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Casa de las Conchas

+89
+34923269317
+34923269317
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63 reviews of Casa de las Conchas

It belongs to no one, if not its shells

The Casa de las Conchas (House of shells) claims its uniqueness to the four winds that cross it. It brings a late Gothic style coupled with the renewed enthusiasm of the Renaissance but still keeps its Moorish feel. The Casa de las Conchas does not want to belong to anyone but the 300 shells that caress its facade.

It was born as Salamanca's historic centre, to form a unit, an art complex worthy of being considered a World Heritage Site. But in this wink that brings success, its shells grant it a relevance above the buildings that surround it, which makes it an object for the curious tourists and foreigners who smile in front of its facade.

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+2

A jewel

At any time while walking, especially when one does not know what they are likely to find, various surprising buildings pop up from the numerous corners ... beautiful Salamanca.

In one of these moments I was struck this building, whose door, painted in red on stone, says “Biblioteca Pública" (Public library). Its exterior, covered by more than 300 scallop shells (I didn’t count them, eh! That’s what Wikipedia says) tells many stories and recalls of the pilgrim road to Santiago, which seemed to have little to do with Salamanca, until I found out (roughly) that: construction began around 1493, commissioned by Rodrigo Arias Maldonado, knight of the Santiago Order (hence the scallops shells) and ambassador of Isabel and Fenando (of whom one can see the five lily coat of arms over the door, and above that another for the Catholic Monarchs).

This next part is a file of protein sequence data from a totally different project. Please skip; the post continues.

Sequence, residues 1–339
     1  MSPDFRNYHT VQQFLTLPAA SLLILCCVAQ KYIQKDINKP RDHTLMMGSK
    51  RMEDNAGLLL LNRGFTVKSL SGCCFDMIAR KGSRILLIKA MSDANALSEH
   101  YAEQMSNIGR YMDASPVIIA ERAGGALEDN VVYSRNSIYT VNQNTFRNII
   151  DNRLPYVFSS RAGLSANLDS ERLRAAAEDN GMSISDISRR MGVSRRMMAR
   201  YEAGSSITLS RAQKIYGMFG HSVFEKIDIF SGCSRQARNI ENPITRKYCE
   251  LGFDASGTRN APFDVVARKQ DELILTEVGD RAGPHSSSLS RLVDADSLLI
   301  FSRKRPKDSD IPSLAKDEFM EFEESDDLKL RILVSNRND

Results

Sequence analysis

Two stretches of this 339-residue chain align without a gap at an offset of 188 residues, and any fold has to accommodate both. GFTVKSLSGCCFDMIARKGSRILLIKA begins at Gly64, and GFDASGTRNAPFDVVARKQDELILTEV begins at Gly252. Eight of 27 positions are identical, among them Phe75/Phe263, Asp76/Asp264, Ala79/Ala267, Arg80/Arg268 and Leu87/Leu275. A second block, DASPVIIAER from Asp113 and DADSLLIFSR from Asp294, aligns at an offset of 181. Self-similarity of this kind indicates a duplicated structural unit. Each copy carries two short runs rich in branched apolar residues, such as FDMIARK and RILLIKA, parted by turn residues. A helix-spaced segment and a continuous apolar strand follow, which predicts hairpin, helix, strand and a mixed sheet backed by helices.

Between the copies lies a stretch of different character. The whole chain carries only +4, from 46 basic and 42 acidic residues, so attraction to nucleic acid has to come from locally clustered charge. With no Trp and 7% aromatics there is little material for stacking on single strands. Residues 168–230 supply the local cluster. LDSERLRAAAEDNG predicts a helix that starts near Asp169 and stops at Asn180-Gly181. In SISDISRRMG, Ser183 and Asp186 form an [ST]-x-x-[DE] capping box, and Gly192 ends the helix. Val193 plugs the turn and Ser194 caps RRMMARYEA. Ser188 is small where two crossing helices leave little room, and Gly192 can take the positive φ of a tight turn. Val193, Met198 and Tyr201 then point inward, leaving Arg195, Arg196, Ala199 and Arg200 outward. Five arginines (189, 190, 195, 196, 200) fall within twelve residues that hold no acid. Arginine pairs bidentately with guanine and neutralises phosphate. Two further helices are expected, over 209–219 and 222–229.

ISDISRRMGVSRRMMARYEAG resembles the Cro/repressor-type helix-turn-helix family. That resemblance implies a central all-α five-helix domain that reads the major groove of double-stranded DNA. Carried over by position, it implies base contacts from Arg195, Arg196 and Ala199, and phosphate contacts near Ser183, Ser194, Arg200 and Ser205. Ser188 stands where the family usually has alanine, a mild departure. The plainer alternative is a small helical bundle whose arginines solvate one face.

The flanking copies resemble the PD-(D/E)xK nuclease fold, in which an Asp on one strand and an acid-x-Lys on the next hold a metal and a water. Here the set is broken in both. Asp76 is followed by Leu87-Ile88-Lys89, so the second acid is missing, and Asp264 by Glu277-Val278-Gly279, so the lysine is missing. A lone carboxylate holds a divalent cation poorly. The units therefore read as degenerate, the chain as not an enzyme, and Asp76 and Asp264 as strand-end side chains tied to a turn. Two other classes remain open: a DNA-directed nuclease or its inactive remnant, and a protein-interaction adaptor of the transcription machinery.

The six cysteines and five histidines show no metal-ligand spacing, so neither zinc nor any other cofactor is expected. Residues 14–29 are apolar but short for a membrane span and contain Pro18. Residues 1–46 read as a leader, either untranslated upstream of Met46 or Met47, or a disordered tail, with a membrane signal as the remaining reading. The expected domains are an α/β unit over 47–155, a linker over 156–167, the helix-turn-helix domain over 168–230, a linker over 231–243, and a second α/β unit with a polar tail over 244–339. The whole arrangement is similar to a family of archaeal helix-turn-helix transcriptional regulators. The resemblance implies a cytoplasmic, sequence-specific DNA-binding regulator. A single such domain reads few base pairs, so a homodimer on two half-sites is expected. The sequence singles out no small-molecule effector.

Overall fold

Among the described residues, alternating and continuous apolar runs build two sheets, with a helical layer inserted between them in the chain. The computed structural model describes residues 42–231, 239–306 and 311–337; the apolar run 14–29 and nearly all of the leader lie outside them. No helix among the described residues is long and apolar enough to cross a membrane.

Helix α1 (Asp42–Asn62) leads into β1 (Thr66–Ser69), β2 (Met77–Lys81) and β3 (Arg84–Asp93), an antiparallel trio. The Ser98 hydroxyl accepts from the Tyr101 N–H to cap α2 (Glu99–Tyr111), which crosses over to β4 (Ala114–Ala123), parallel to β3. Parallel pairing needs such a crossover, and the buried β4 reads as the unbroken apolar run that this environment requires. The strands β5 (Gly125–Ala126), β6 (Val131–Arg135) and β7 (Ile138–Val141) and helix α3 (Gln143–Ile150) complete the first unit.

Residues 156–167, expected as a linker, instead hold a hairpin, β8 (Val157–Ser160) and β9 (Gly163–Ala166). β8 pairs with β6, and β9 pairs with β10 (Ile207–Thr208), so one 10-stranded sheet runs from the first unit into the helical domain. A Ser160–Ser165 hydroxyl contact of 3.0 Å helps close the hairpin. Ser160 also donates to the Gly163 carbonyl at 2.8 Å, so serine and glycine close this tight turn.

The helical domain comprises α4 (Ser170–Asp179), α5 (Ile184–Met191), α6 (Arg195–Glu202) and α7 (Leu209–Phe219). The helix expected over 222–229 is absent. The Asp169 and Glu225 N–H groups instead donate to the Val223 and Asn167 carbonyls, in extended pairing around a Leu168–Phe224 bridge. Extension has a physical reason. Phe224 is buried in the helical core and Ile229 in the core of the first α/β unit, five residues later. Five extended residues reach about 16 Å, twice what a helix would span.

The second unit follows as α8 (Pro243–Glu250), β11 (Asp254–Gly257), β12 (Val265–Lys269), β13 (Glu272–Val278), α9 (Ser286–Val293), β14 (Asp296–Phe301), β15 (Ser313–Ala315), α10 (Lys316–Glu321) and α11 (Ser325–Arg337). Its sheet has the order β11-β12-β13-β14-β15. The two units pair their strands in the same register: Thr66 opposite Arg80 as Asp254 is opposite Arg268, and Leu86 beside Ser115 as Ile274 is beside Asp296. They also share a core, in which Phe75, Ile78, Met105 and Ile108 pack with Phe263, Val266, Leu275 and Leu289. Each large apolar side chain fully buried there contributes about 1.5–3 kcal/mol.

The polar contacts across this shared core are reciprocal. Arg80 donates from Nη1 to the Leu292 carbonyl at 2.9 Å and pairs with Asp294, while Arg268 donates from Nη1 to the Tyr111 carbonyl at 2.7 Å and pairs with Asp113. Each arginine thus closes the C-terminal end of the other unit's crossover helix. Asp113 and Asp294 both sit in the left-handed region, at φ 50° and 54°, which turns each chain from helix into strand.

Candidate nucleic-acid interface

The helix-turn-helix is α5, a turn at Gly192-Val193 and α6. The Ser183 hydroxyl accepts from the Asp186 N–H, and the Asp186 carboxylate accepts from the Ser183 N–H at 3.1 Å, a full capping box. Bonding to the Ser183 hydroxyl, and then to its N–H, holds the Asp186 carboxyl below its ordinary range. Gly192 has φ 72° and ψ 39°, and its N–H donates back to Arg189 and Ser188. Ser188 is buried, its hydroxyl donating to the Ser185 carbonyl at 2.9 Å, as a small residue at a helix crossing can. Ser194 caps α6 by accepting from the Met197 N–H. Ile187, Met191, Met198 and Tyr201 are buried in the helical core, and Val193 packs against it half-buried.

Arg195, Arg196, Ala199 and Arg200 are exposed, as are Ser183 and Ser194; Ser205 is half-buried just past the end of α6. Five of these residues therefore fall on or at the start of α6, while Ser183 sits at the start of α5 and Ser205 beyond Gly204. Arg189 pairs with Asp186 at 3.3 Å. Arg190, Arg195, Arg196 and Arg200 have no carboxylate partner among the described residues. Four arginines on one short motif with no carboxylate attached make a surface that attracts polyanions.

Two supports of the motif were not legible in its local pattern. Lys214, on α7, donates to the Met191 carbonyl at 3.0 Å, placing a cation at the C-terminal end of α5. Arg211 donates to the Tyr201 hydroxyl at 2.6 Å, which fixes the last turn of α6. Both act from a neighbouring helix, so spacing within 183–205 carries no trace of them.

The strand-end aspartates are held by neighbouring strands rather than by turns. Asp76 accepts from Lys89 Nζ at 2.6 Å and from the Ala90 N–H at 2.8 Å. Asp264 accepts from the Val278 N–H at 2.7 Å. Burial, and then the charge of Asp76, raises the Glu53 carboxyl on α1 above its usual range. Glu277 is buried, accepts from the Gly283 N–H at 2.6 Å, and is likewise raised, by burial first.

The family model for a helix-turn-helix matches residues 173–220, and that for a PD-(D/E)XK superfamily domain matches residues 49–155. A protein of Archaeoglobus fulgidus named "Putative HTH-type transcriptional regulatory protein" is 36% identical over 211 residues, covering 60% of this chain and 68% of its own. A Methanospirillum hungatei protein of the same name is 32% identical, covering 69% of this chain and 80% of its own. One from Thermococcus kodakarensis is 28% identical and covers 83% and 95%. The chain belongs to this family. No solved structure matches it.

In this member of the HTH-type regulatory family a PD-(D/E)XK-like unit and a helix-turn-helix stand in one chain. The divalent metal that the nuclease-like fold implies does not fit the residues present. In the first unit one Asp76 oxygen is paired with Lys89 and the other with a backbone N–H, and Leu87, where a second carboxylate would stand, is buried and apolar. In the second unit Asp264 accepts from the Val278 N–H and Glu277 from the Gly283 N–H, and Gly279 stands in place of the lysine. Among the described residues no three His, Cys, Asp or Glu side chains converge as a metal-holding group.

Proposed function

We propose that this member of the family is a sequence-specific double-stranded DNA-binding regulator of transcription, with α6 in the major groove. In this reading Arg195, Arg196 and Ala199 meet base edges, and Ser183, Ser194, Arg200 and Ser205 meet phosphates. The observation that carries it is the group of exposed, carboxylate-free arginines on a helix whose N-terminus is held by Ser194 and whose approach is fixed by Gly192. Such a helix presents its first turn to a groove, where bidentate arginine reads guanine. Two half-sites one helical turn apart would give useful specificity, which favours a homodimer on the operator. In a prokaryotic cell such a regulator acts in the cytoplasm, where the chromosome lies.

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+3

Of the most visited in the city

La casa de las conchas (the house of the shells) of Salamanca is an iconic building in the city located directly opposite the entrance of the Pontificia University, which now contains a library, the Tourist Information Office, and exhibitions of art and culture.

Of gothic style, building work began in 1493. It took 20 years to build. It was a palace for the nobility in the sixteenth century, commissioned by the Salamanca University chancellor, ve also ordered the construction of the cloister in the old cathedral.

It is decorated with shells of Santiago, as the rector was a knight of the Santiago Order. We can also see the family coat of arms with it lilies. Some say that the facade is covered with shells as a token of love to the owners’ wife.

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+4

It's a normal library

Good

But in the wall there are sea shells so it's a curious thing and if you go to Salamanca you should visit it, also it is in the centre so it's easy to find.

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